Food and Behaviour Research

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Human Salivary Amylase Gene Copy Number Impacts Oral and Gut Microbiomes

Poole AC, Goodrich JK, Youngblut ND, Luque GG, Ruaud A, Sutter JL, Waters JL, Shi Q, El-Hadidi M, Johnson LM, Bar HY, Huson DH, Booth JG, Ley RE (2019) Cell Host Microbe.  2019 Apr;25(4): 553-564.e7. doi: 10.1016/j.chom.2019.03.001 

Web URL: Read this and related abstracts on PubMed here


Host genetic variation influences microbiome composition. While studies have focused on associations between the gut microbiome and specific alleles, gene copy number (CN) also varies. We relate microbiome diversity to CN variation of the AMY1 locus, which encodes salivary amylase, facilitating starch digestion.

After imputing AMY1-CN for ∼1,000 subjects, we identified taxa differentiating fecal 
microbiomes of high and low AMY1-CN hosts. In a month-long diet intervention study, we show that diet standardization drove gutmicrobiome convergence, and AMY1-CN correlated with oral and gut microbiome composition and function. The microbiomes of low-AMY1-CN subjects had enhanced capacity to break down complex carbohydrates. High-AMY1-CN subjects had higher levels of salivaryPorphyromonas; their gut microbiota had increased abundance of resistant starch-degrading microbes, produced higher levels of short-chain fatty acids, and drove higher adiposity when transferred to germ-free mice.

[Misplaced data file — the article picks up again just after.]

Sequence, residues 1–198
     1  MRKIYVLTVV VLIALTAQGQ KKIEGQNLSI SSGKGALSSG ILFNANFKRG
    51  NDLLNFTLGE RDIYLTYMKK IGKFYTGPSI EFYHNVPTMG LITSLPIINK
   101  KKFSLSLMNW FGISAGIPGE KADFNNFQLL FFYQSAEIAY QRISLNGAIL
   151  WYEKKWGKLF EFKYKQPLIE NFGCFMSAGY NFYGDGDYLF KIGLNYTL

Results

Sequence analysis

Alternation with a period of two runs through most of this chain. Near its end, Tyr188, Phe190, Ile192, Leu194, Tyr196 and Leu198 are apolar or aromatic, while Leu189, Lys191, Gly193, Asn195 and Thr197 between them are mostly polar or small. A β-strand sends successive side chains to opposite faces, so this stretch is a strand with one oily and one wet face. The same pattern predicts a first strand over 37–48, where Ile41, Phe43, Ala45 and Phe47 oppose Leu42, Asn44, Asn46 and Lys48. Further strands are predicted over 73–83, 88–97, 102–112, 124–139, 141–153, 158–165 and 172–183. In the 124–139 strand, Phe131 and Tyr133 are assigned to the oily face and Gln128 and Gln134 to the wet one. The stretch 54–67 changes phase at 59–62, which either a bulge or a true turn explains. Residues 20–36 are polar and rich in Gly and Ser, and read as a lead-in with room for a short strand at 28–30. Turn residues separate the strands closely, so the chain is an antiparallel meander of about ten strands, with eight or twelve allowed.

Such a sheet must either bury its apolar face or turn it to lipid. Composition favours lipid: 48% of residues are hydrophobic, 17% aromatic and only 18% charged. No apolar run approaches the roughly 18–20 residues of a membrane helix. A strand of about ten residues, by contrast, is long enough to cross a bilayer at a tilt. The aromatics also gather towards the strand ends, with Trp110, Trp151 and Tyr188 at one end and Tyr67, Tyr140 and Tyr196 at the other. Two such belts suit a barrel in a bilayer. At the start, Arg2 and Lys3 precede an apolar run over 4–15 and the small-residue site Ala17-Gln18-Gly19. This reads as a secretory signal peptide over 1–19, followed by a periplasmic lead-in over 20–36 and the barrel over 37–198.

This study establishes AMY1-CN as a genetic factor associated with microbiome composition and function.